Shropshire Star

Ludlow Cricket Club's Sacha Lee left bowled over by her award

Ludlow Cricket Club’s Sacha Lee has picked up a prestigious Chance to Shine national award at Lord’s.


Lee, who is a Cricket Shropshire Community and Schools Officer, received the Chance to Shine Community Cricket award at the ceremony in London after being nominated for her work in the county over the past two years.

“To represent Cricket Shropshire in the national Chance to Shine awards in one thing, but to win – so very proud. I love what I do,” said Lee, who is Ludlow’s safeguarding officer.

“I was a cricket mum in a cricket club and was asked to join the Board. I just wanted to inspire my children and to go on to inspire kids in the community is just amazing.

“We really do have a great team at Cricket Shropshire, this award is also for them and all their efforts supporting the community projects we offer.”

Cricket Shropshire Lead Officer Steve Reese said Lee was brought on board to develop a project to increase the reach in urban areas.

It started as a part-time role initially, but it soon became a full-time contract to help develop the offer specifically in Telford – which has two areas in the top 10 nationally for deprivation and the highest ethnicity concentration in the county.

He said: “Our plans coincided with Chance to Shine and the ECB’s focus for increasing delivery in areas of socio and economic deprivation which has a knock-on effect to the local schools.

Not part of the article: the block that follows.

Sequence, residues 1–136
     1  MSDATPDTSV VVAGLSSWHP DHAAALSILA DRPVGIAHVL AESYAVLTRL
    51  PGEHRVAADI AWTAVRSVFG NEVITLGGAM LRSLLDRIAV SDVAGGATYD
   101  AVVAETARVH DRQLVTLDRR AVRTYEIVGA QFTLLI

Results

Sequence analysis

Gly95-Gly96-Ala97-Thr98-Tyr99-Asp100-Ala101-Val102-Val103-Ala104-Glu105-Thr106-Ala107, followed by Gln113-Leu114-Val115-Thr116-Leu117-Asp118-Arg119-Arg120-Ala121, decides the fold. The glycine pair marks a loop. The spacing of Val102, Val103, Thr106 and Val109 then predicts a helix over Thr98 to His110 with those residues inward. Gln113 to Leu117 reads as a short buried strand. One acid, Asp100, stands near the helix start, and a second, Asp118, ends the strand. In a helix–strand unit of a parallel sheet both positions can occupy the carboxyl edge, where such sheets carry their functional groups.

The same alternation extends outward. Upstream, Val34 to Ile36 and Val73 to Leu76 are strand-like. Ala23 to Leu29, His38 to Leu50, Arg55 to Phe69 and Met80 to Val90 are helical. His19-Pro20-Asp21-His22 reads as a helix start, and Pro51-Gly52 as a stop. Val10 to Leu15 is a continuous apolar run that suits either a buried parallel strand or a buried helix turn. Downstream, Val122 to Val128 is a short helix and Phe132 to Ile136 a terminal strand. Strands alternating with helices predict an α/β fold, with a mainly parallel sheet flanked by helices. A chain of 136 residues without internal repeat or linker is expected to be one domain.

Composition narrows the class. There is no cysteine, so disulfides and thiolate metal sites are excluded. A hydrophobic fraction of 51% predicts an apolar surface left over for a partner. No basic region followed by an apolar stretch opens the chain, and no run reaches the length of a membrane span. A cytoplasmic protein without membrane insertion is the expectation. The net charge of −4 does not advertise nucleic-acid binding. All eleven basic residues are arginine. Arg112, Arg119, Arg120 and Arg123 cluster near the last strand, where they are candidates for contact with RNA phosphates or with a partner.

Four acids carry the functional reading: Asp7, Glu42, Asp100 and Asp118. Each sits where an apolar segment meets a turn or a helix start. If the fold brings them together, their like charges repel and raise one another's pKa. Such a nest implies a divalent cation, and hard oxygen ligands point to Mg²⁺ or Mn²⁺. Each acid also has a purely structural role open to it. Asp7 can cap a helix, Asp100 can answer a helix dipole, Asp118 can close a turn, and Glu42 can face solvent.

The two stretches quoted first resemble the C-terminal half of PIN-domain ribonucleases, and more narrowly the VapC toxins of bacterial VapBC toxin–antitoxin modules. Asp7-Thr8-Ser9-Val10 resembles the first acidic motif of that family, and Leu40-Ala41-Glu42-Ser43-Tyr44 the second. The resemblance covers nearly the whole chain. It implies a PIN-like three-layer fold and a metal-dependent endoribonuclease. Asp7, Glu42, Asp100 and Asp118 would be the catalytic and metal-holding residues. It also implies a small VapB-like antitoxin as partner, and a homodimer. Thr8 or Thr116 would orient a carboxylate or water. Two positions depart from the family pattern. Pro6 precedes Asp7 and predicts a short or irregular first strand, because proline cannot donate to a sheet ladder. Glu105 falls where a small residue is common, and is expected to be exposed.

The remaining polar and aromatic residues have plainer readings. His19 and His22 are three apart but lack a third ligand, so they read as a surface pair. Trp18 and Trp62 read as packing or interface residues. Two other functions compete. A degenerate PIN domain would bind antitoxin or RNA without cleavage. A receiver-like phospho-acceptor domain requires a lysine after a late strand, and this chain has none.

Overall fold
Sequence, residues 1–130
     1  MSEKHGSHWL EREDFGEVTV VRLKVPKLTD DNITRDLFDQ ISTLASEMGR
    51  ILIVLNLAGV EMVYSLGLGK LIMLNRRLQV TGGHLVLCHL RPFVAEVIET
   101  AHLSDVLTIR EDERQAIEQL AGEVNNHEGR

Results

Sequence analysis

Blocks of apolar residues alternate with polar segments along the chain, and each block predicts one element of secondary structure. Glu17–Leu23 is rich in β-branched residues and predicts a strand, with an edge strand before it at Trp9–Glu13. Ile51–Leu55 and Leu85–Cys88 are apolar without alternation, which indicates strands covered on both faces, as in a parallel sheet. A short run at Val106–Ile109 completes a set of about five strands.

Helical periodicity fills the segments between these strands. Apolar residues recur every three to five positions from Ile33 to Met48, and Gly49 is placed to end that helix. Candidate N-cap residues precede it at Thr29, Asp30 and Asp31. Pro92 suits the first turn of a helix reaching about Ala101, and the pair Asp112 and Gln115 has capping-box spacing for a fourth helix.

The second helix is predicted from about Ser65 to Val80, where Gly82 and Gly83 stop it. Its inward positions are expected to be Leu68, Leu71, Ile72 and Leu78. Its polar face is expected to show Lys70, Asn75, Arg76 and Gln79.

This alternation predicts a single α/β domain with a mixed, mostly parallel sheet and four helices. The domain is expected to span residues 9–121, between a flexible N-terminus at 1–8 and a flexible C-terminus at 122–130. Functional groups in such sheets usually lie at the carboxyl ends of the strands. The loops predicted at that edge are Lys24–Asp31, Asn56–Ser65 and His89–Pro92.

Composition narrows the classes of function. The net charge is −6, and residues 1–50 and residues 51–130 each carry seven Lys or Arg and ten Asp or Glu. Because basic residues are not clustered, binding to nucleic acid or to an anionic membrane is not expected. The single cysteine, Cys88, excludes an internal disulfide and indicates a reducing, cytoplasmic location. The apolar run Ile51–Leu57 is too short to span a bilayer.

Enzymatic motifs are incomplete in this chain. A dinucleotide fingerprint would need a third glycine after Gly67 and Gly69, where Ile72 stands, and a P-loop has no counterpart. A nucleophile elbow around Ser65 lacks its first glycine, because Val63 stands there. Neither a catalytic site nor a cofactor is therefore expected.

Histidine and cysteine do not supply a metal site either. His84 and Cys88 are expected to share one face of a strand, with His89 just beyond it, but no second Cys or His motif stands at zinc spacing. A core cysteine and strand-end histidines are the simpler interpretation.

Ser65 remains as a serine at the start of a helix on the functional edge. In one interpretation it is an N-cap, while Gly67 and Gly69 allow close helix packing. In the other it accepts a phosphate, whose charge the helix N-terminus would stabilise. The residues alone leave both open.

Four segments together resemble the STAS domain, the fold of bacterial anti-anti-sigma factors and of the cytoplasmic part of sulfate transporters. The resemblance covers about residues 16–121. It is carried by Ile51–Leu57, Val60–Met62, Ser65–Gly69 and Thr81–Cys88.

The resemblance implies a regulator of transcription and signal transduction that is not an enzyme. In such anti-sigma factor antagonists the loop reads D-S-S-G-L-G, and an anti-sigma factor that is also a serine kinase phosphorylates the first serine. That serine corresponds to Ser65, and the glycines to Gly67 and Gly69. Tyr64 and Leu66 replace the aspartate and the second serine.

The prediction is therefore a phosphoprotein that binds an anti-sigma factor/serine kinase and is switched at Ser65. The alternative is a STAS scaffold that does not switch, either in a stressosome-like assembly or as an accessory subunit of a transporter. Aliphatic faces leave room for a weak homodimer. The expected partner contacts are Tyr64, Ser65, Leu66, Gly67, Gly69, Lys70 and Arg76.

“This came just after a successful summer of community delivery organised by Sacha, so the timing could not have been better.

“Sacha enhanced the existing community and local authority links and the icing on the cake was the Chance to Shine Youth Strategy initiative – we were able to increase our free schools’ delivery by 13 which was the boost we needed to support her outreach project.

“She continued to knock on doors, she took over the booking of schools and allocating our inexperienced workforce into schools and community projects.

“Once there was a feeling we could sustain these projects we put in a bid for Chance to Shine STREET funding. We were successful in introducing four programmes, the first ones in the county.

“She was the driver of this initiative and was leading from the front, supporting the young workforce in arenas they had not experienced before. The stories which came from these projects were heart-warming and rewarding. I cannot speak highly enough of Sacha’s enthusiasm, focus and drive to ensure these people are given every opportunity to engage with us.”

Lee highlighted the work she has been doing with South Asian women and girls in the community as her most rewarding.

“They used to hide away, they didn’t want to be seen, and for the first time this year they started to trust me,” she said. “They entered their own Women & Girls softball team in some of our festivals, and they came across my team.

“It was absolutely amazing to see how over the two years they had got the confidence from hiding away to standing there, with a male umpire at times, facing their coach. I just thought: Wow. We’ve really made a difference. And they’re not just people I coach, they are my friends. I think that’s the most amazing thing about what we do.”